THROW HIM DOWN, McCLOSKEY.
Copyright, 1890, by Frank Harding.
'Twas down at Dan McDevitt's, at the corner of this street,
There was to be a prize tight, and both parties were to meet
To make all the arrangements And see every thing was right-
McCloskey And a nagur were to have a finish fight;
The rules were London Prize Ring, and McCloskey said he try
To bate the nagur wid one punch or in the ring he'd die;
The odds were on McCloskey, though the betting it was small'Twas on McCloskey ten to one, on the nagur none at all.
"Throw " him down, McCloskey, " was to be the battle cry-
Throw him down, McCloskey, you can lick him if you try,
And future generations, with wonder and delight,
Will read on his hist'ry's pages of the great McCloskey fight.
The fighters were to start in at a quarter after eight,
But the nagur did not show up and the hour was getting late;
He sent around a messenger, who then went on to say
That the Irish crowd would jump him And he couldn't get fair play;
Then up steps Pete McCracken and said that he would fight.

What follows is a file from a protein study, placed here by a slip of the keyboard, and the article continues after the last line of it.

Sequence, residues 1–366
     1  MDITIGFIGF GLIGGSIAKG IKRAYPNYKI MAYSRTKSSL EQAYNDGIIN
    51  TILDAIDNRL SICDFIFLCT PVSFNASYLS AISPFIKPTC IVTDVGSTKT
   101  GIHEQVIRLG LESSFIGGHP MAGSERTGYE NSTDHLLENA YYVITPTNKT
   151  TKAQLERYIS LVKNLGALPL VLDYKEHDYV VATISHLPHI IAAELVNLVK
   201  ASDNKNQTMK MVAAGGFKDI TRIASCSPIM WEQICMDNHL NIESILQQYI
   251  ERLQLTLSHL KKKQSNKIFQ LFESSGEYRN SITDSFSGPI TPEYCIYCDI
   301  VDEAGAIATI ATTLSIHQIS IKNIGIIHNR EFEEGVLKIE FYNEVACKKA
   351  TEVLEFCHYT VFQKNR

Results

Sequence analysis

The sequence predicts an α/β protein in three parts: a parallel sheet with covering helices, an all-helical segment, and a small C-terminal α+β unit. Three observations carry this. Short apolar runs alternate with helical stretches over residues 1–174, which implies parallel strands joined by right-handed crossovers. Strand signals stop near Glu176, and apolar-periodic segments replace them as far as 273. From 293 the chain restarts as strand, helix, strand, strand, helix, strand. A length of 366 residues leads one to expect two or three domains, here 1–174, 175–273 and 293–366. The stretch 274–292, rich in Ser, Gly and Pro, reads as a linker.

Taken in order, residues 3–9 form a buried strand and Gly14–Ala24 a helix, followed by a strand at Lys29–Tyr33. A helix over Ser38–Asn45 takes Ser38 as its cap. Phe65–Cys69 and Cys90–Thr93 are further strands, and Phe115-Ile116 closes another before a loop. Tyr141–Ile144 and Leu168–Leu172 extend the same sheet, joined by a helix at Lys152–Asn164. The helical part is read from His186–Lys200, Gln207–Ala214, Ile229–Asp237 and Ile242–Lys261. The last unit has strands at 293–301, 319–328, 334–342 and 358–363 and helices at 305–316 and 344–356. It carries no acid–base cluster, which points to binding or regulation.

Stand up or rough and tumble, if McCloskey didn't bite?
McCloskey says I'll go you, then the seconds got in place,
And the fighters started in to decorate each other's face.-Chorus.
They fought like two hyenas 'till the forty-seventh round;
They scattered blood enough around, by gosh, to paint the town;
McCloskey got a mouthful of poor McCracken's jowl;
McCracken hollered "murther" and his seconds hollered "foul"
The friends of both the lighters that instant did begin
To fight and ate each other, the whole party started in;
You couldn't tell the difference if you'd fighters if you'd try;
McCracken lost his upper lip, McCloskey lost an eye.-Chorus.